Multilateration can be a passive surveillance system. It accurately determines aircraft positions by receiving Mode A, C or S transponder signals that are responses to SSR interrogation. With four receivers, a central processing unit can calculate an aircraft's position in three dimensions by computing the time difference of arrival (TDOA).
A transponder's emitted pulse will reach the receivers at difference times, and calculation of those differences will determine an aircraft's position. The system does not need to know exactly when the pulse was emitted, only the difference in time it is received.
TDOA distinguishes MLat from ADS-B, though they both use ground stations that listen to transponder signals. With ADS-B, the ground station receives a transmission of an aircraft's GPS position, altitude and ID from an onboard Mode S transponder.
MLat computes the signal-receiving-time differences of a transmission coming from a Mode A (ID only) or Mode C (ID and altitude) transponders, as well as from Mode S.
MLat proponents believe multilateration would be an ideal backup to ADS-B. "It can carry you through in case of a GPS outage," suggests Marc Viggiano, Sensis Corp.'s chief operating officer.
Sensis, Era, and Thales all manufacture dual-use, MLat/ADS-B sensors. "Multilateration can be used to verify ADS-B tracks," says Colligan.
Regardless the segment of flight under surveillance – en-route, terminal area or approach and after touchdown – the ground-based MLat sensors function the same, allowing for flexibility and uncomplicated expansion.
"You can have sensors for airport surface monitoring, and then you can add more sensors for precision approach, and more sensors yet for a radar substitute," Viggiano says.
MLat ground systems are more dependable and require less maintenance that SSR with its moving parts. It can withstand lightning strikes, gale-force winds, torrential rain, sand and dust storms, and extreme temperatures.
When MLat's positioning data is delivered to a ATC screen, the air traffic controller will notice no difference from radar – except he or she may perceive the aircraft designations tracking smoother. Secondary surveillance radar, with its rotating antenna, updates an aircraft's position every four to five seconds, thus creating tracks with a "jumpy" movement.
Conversely, the stationary multilateration (and ADS-B) sensors and central processor deliver updates every second, so the aircraft designation on the controller's screen moves smoothly.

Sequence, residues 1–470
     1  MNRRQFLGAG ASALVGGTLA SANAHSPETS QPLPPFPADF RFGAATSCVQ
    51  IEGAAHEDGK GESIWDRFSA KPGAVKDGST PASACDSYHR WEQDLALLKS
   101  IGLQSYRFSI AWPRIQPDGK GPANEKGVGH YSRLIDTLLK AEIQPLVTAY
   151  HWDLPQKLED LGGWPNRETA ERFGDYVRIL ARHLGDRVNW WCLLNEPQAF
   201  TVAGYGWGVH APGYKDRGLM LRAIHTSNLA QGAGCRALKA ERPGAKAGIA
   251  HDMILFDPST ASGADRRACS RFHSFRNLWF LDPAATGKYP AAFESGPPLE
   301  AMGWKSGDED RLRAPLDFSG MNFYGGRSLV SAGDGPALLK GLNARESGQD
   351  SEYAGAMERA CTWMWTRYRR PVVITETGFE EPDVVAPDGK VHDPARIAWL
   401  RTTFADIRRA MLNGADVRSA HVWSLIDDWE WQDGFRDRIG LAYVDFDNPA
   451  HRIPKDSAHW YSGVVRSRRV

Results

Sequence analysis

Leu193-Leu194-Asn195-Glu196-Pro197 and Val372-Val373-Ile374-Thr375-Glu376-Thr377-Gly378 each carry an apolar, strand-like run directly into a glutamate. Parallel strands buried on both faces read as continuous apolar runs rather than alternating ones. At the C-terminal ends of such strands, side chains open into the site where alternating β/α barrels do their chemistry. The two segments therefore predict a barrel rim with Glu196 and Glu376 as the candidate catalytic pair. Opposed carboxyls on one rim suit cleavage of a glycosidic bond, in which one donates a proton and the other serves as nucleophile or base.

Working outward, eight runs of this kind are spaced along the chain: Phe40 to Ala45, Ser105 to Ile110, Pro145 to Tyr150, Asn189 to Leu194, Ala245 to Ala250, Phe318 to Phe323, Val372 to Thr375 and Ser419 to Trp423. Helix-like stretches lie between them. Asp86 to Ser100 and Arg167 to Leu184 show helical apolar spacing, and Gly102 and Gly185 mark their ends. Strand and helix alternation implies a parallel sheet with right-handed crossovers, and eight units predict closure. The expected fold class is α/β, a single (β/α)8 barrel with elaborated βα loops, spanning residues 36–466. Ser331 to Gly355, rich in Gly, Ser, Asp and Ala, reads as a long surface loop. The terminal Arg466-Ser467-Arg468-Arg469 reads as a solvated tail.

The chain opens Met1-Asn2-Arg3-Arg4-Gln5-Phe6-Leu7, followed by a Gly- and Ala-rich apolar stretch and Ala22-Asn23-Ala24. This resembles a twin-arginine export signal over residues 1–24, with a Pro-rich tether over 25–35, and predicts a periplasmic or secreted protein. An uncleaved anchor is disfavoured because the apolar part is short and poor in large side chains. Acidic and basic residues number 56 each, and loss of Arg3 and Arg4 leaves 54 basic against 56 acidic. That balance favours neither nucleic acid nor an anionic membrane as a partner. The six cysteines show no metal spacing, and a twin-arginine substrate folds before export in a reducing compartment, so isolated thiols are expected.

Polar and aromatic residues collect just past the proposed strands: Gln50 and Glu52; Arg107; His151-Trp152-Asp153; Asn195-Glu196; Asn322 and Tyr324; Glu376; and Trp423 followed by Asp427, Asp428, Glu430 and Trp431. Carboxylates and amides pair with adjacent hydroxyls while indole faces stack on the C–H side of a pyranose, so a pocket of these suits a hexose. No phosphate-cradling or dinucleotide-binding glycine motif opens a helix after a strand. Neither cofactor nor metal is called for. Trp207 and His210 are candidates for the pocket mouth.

A day will no doubt come when all controller screens will show smooth aircraft tracking. But not quite yet. In the case of a WAM system Sensis installed in the Colorado Rockies, the Denver area control center chose not to modify its software to accommodate the faster updates. Hence, its MLat updates have been slowed to radar speed.
Certified in September, the Colorado system is the first WAM to receive FAA approval for aircraft separation. Like the Innsbruck installation, the 26 ground stations around Garfield County Regional Airport, Steamboat Springs Airport, Craig-Moffat County Airport, and Yampa Valley Airport furnish terminal area surveillance in mountain valleys, where radar contact is lost.
"These airports are so small they can't justify having radar," says Viggiano. Now aircraft approaching the four airports, which serve a bustling snow skiing area, can be safely separated in the terminal control area (TCA) and not have to wait until one lands and files its arrival before another can enter the TCA.
Like SSR, MLat also can be an active surveillance system. In fact, multilateration installations used for air traffic control have a rotating interrogator, operating on 1030 MHz frequency, collocated with the sensor.
An active MLat system "is best," according to Viggiano, "because you can be assured of the update rate and of knowing the aircraft's altitude and ID." Unless an aircraft is ADS-B equipped, a passive MLat system will not receive that input.
A promising market
More multilateration applications are being explored. Although MLat manufacturers keep their cards close to their chests, Era's Colligan did say that "from a business perspective, we see multilateration moving into airport surface management, to maximize airport efficiency and attain better gate and ramp management and resource utilization."
Sensis sees a growing WAM market. "Multilateration offers service providers an additional surveillance option, and an opportunity for lower costs, expanded coverage and transition to ADS-B," says Viggiano. "Wide area multilateration is being selected to replace or augment older rotating radars.
"It provides coverage in geographically constrained areas where rotating radars are not practical," he adds. "Since WAM independently calculates an aircraft's position with accuracy on a par with ADS-B, it offers an ideal backup to ADS-B and the ability to coexist with other surveillance technologies.
Seeking a quieter Washington, D.C.
The Metropolitan Washington Airports Authority (MWAA) recently installed Era Systems Corp.'s AirScene.com noise and operations monitoring system (NOMS) at Ronald Reagan/Washington National Airport and Washington Dulles International Airport.
NOMS was installed, in large part, because Reagan National is located near downtown, where aircraft noise can be a sensitive issue, and Washington Dulles, which also is near a population area, is the capital city's busiest airport.
AirScene.com is an integrated airport operations management tool that can be used for revenue management and gate allocation, as well as for noise monitoring and other applications. With tracking data from ADS-B and multilateration surveillance, the system provides an airport with real-time access to all flight track information.
In addition, according to Era vice president Bill Colligan, "we are providing MWAA with their first public portal to allow concerned citizens to file noise complaints over the web. This will help airport staff continue their pioneering noise mitigation work."
The interactive web portal includes features such as online complaint entry, report viewing, address location, noise abatement information and historic replay.